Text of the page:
Back to Blog home

Sourcecode collaboration

Published on Sunday March 30, 2008 by Thomas Zander in Qt News KDE | Comments

Programming in groups requires you to use a source revision system. Its a fact; not doing it would be like crossing the north pole in your sunday clothes, it won't be very successful. This shows; as long as people have collaborated in writing software, there have been systems to support this. I count 32 such systems on wikipedia .
Up until 2001 or so I used cvs exclusively. It did the job, more or less without loosing too much work. I started looking into distributed source revision systems, which looked a really cool idea that may give each individual programmer a lot more control over how he works, and how he can collaborate with his peers.
I went through TLA, got frustrated by the complexity, searched on and found Darcs. Fell in love quite quickly. Great idea, even better user interface. Unfortunately written in a language I never had the patience to go out an learn (haskell). Perfect romance setting, gives me what I need and I can never hope to fully understand it ;)

Darcs was started initially with the idea that a distributed system doesn't have to be more complex to use, just different from a centralized system. I have been part of the development of Darcs to the extend of working on user interface issues, writing clear language in the UI and other simple things like that.
Darcs has its share of technical problem, though. It doesn’t scale up well. Its basically unusable for bigger projects.

Flash back to the present. It feels like git is going to be the winner in this battle of programmer mindshare; on a technical level it certainly is the best there is. It scales up without effort and it is incredibly fast. Here at Trolltech various people are already using it every day. There is ongoing research to make it the default system in KDE as well.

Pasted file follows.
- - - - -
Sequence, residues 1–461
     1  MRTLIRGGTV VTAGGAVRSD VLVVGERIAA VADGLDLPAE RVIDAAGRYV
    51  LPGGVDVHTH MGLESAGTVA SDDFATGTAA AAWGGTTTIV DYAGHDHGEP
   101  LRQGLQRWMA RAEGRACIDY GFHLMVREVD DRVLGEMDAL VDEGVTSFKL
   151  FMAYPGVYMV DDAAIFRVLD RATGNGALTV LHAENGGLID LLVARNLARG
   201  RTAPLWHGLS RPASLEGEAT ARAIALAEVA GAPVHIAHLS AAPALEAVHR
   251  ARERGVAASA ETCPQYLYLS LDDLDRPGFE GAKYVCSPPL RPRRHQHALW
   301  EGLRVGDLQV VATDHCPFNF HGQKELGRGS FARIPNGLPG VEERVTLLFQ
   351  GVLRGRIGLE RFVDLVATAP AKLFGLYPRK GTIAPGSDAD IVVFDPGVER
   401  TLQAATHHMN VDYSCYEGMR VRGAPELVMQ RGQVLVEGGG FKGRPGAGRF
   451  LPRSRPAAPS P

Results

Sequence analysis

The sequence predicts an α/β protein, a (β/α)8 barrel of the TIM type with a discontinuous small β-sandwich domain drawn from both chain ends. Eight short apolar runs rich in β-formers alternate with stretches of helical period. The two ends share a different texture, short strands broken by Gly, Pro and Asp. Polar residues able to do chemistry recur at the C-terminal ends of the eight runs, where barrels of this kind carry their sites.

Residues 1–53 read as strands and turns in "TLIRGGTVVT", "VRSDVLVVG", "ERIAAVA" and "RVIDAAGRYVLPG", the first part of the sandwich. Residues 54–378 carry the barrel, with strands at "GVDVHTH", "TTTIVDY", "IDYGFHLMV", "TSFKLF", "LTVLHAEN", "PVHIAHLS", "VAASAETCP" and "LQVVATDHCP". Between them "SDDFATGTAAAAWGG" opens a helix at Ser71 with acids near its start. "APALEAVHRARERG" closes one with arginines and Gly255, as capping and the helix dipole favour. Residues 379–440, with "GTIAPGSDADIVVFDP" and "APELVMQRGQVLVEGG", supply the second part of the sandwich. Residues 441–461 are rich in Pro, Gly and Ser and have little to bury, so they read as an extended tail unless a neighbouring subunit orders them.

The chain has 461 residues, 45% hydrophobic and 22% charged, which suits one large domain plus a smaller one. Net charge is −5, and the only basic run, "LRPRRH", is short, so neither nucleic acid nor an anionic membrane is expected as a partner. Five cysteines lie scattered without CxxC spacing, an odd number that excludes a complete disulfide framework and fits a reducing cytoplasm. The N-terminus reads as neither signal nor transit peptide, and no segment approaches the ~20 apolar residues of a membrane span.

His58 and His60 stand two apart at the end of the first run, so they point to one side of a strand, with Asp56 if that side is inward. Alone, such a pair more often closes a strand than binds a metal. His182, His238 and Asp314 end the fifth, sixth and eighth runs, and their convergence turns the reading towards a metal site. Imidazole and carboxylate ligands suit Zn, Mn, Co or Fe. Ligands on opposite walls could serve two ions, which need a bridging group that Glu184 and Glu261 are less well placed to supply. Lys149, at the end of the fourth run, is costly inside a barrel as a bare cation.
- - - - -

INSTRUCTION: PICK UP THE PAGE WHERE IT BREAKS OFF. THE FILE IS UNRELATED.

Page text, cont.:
Git, in my eyes, is the absolute opposite from Darcs, where one is bad the other rocks and vice versa. Git is technically superior; its basically the next generation in its field. Its got more features then you can wave a stick at, and its got mindshare and active development. The bad is that its reinvented the user interface, the in-line documentation is weak. The choice of command names arcane and inconsistent. Discoverability of features is basically a hit-and-miss.
Darcs, on the other hand, has not been strong technically but it has been developing a user interface (command line) over the last 4 years that is coherent+consistent, easy to learn, has lots of textual feedback while still being very feature rich.

Now, what to do! I like parts of both, but using either gives me headaces. The sum of the parts is a negative number in this case :)

So, like any good hacker, I started a new project to marry the two components. My project, which I call ‘VNG’ uses a normal git repository and expects git to be installed but using ‘vng’ you will find an interface designed much more coherently. Darcs users will feel right at home.
The project is very much in alpha right now; what is there works, but you’ll be using git for more advanced things. (and some not so advanced things).
I did find it time to make a nice announcement and call for developers that want to help out work on vng.

A short tutorial to get you started;

  $ mkdir ~/myproject
$ cd ~/myproject
$ vng init

You now have a Vng repository! Let's do something with it:

    $ touch myfile
$ vng add *
$ vng record -am "Initial import."
Finished recording patch `Initial import.'

A simple ‘vng’ will give you the help output, which I’ll just paste here as a good overview what I already have;

Usage: vng COMMAND ...

vng version 0.22 (>2008-03-28)
Commands:
help Display help for vng or a single commands.
Changing and querying the working copy:
add Add one or more new files or directories.
revert Revert to the recorded version (safe the first time only).
unrevert Undo the last revert (may fail if changes after the revert).
whatsnew Display unrecorded changes in the working copy.
Copying changes between the working copy and the repository:
record Save changes in the working copy to the repository as a patch.
unrecord Remove recorded patches without changing the working copy.
Copying patches between repositories with working copy update:
push Copy and apply patches from this repository to another one.
Administrating repositories:
initialize Initialize a new source tree as a vng repository.

Want to help or try vng? The sources are on; http://repo.or.cz/w/vng.git
Either send me patches or upload them to the 'mob' branch (which requires no password) on repo.

Looking forward to your flames! :)

Subscribe to Our Blog

Stay up to date with the latest marketing, sales and service tips and news.

We are updating our comment system and you could face some issues. Please write to us at feedback@qt.io to report issues/bugs.